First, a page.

“Given Russia’s key role in global energy supply, the global economy could soon be faced with one of the largest energy supply shocks ever,” analysts at Goldman Sachs warned on Tuesday.
Even if countries release their strategic petroleum reserves – crude that can be tapped in times of emergencies – and the Organization of the Petroleum Exporting Countries (OPEC) pumps more oil, prices are likely to stay high.
On Tuesday, Brent hit a high of $133.15 and WTI inched closer to $130 a barrel. It was not long ago that analysts wondered whether oil would top $100 a barrel.
To help stabilize prices, the US does have the capacity to boost its shale oil output, but Reed Blakemore, deputy director at the Atlantic Council Global Energy Center, told Al Jazeera it’s more complicated than just turning on the faucet and letting the shale flow.
“You need the labour, you need fracking sand which is actually incredibly expensive right now. There are logistical and infrastructure components associated with turning on shale production in the US. That will take some time,” he said.
‘Biden has been unsuccessful at encouraging partners in the Gulf’
Saudi Arabia, the United Arab Emirates and Kuwait could potentially ramp up production by 2.1 million barrels per day from current levels within a couple of months, Goldman Sachs estimates.
But other analysts say “Don’t count on it.”
“Biden has been largely unsuccessful at encouraging partners in the Gulf – the Saudis, the UAE, to put more barrels on the market,” Blakemore said.
“It’s going to take a lot more than anybody expects to get Saudi Arabia to put more barrels on the market because it’s going to have to tap into its spare capacity, which Riyadh has treated as a national security priority,” he added.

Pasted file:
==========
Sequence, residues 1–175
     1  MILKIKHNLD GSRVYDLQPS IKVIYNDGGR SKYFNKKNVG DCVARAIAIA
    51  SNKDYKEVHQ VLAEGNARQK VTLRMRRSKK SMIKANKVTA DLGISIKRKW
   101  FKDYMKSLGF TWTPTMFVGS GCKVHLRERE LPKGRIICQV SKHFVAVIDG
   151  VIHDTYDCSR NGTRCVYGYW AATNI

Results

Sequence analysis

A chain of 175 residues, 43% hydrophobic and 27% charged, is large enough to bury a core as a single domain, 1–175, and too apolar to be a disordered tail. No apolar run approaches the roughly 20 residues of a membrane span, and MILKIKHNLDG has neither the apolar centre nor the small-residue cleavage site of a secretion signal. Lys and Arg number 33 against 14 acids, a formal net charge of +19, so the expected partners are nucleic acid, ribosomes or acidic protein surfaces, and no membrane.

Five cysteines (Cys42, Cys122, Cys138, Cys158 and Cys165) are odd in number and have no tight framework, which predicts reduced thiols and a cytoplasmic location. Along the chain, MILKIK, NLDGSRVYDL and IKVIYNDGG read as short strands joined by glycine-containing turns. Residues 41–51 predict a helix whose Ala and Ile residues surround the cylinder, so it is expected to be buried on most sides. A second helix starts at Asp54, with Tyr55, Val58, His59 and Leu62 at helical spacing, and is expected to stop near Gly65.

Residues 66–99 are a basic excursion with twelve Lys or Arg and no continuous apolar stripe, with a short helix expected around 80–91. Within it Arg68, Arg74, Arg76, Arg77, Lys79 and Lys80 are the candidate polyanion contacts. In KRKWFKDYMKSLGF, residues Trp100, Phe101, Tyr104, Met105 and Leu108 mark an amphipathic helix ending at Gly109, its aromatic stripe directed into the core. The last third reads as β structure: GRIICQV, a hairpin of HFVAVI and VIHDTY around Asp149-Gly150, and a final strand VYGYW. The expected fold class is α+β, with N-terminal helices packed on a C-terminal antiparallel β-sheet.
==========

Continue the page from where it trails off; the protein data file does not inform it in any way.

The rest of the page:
Also there’s oil-rich Iran and Venezuela, adversaries the US has turned to in recent weeks.
Reaching a nuclear deal with the Iranians could bring extra barrels to market. The US lifting sanctions on oil imports from Venezuela could also help plug the crude hole.
For Russia, China could end up playing a crucial role in absorbing oil the US has barred, analysts told Al Jazeera. “The pipeline infrastructure from Russia to China exists, but whether or not it can handle that much additional supply flow, we just do not know. Physically shipping oil from Russia to China will take some time,” Blakemore said.
Rising costs for consumers
American consumers are already feeling pain at the pump. Petrol prices have surged to a record high since Russia launched its invasion of Ukraine on February 24. US inflation at 7.5 percent – its highest in 40 years – could get worse.
“Oil is a base commodity,” Blakemore told Al Jazeera. “It’s a key piece of global shipping and trade, getting goods from A to B, and manufacturing products we use every day.”
The gauge of global food costs has jumped to a record, according to the United Nations Food and Agriculture Organization.
The surge in food prices is disproportionately affecting poor countries in the Middle East and Asia. The pace of food inflation is also threatening the currency value of emerging economies.